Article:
Last weekend I attended a talk by prominent author, journalist, and local talk show host David Sirota, who discussed the state of journalism in Colorado and the nation. At the time, I was in the midst of some serious planning about my financial and professional future, and had been toying with the possibility of expanding my creative writing to include journalism, possibly even as a new career.
Sirota advanced his opinion that journalism will be forced to become more and more local, since national reporting is becoming both expensive and easily available from centralized sources. I wasn’t too surprised to learn that success in journalism, like any business, depends on increasing demand and providing an exclusive supply to meet that demand. This is aided by making oneself identifiably unique (branding) and having a large and reliable readership (a platform) that your work can be marketed to. Surviving by writing is difficult, a lesson I learned a few years ago when evaluating the economic viability of different types (this led me to make a living at technical writing while writing my own content on the side).
I couldn’t resist economic modeling of my own situation to determine the limits that needed to be placed on both my professional options and my family’s expenses. Of course, I had to also generalize it. The result was a bit of a shock: To be able to survive at a fixed level to the age of 90 with a projected 3% inflation rate and no increase in income over one’s working life (from age 18 to 65), an individual must have an income nearly 5.2 times annual expenses. For someone spending $40,000 per year at the beginning, that corresponds to an after-tax income of $206K or more than $99 per hour (with a 20% tax rate, that corresponds to a wage of $248K and $119 per hour).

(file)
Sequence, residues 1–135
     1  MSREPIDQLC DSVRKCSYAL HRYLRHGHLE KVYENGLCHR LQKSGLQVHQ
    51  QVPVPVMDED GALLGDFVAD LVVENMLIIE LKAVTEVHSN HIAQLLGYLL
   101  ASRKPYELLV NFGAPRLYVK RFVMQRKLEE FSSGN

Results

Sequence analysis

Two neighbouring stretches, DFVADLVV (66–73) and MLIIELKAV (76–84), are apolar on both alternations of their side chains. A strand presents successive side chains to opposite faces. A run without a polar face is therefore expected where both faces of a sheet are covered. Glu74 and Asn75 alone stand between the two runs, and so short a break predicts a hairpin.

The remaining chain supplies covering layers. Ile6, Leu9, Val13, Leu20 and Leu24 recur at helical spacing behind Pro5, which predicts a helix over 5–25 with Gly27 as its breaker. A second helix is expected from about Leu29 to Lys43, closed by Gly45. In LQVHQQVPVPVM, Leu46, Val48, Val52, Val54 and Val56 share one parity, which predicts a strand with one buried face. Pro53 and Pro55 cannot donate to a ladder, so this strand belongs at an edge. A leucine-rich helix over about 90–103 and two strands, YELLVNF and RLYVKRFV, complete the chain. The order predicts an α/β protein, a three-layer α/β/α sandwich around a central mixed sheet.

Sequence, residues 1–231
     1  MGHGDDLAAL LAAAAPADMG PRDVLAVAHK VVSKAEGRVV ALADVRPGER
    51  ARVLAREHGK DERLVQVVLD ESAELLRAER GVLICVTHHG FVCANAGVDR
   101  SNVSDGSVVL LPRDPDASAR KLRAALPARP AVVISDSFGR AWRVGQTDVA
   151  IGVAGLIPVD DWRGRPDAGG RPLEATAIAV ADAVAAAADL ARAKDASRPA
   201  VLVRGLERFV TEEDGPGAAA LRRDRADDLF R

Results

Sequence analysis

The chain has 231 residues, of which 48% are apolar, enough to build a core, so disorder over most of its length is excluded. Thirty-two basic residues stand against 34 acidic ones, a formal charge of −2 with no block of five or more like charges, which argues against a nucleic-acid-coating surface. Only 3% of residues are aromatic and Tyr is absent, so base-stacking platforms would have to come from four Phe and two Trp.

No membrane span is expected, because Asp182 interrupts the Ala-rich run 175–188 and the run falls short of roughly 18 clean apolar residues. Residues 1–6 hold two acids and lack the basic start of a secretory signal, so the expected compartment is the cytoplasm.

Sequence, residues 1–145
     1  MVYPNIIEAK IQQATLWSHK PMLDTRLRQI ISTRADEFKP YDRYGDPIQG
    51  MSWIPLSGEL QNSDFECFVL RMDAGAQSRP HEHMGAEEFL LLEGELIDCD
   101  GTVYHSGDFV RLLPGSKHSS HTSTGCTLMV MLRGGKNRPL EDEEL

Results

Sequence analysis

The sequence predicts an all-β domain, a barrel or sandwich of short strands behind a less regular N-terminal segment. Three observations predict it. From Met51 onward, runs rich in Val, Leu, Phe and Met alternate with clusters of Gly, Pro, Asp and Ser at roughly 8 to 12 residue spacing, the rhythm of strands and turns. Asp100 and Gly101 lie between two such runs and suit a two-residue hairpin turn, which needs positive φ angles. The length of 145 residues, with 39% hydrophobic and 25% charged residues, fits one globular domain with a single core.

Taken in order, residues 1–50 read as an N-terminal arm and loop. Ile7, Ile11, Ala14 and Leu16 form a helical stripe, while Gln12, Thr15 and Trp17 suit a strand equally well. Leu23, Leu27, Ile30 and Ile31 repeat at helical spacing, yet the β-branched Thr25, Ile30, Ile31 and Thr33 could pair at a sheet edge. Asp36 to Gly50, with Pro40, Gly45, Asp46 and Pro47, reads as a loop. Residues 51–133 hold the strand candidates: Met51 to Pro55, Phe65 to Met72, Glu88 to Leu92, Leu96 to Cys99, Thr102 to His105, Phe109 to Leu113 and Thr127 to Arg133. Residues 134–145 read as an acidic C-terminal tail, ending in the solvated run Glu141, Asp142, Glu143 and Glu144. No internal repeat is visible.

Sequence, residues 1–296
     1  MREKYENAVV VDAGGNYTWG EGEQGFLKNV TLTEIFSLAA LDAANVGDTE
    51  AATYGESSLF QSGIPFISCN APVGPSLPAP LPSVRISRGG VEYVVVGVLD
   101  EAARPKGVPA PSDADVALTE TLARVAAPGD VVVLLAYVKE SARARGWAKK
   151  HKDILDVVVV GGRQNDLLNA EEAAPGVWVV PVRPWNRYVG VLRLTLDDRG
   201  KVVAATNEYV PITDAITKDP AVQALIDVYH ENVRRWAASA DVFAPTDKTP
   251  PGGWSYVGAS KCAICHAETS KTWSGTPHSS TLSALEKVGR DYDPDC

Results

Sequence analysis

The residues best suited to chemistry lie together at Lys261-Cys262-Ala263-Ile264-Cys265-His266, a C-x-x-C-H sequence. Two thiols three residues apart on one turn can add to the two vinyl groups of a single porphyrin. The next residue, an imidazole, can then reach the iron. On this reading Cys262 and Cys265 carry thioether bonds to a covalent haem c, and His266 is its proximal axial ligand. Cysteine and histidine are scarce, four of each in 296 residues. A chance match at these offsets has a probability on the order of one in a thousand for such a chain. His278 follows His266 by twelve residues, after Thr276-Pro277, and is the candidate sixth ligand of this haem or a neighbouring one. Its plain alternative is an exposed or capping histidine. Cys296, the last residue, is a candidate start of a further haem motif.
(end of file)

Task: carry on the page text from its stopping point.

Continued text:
Those who can’t command six-figure salaries have the option of investing in stocks to make up the difference, but now growth in consumption is past its peak, and the rates of return people have counted on will (on average) only shrink as the depletion of resources becomes more obvious. This leaves the vast majority with the choice to either increase debt to meet their expenses or to reduce their expenses; at 3% per year, both options are unsustainable and lead quickly to poverty. Our government is, in fits and starts, attempting to keep this unfolding disaster in check by trying to spur growth, which has the potential to merely exacerbate the problem as resources decline more quickly.
There is a fierce, and now very personal urgency to finding and implementing an alternative to our current economic paradigm, since I find myself among those who are unlikely to make the gains it demands in order to even survive.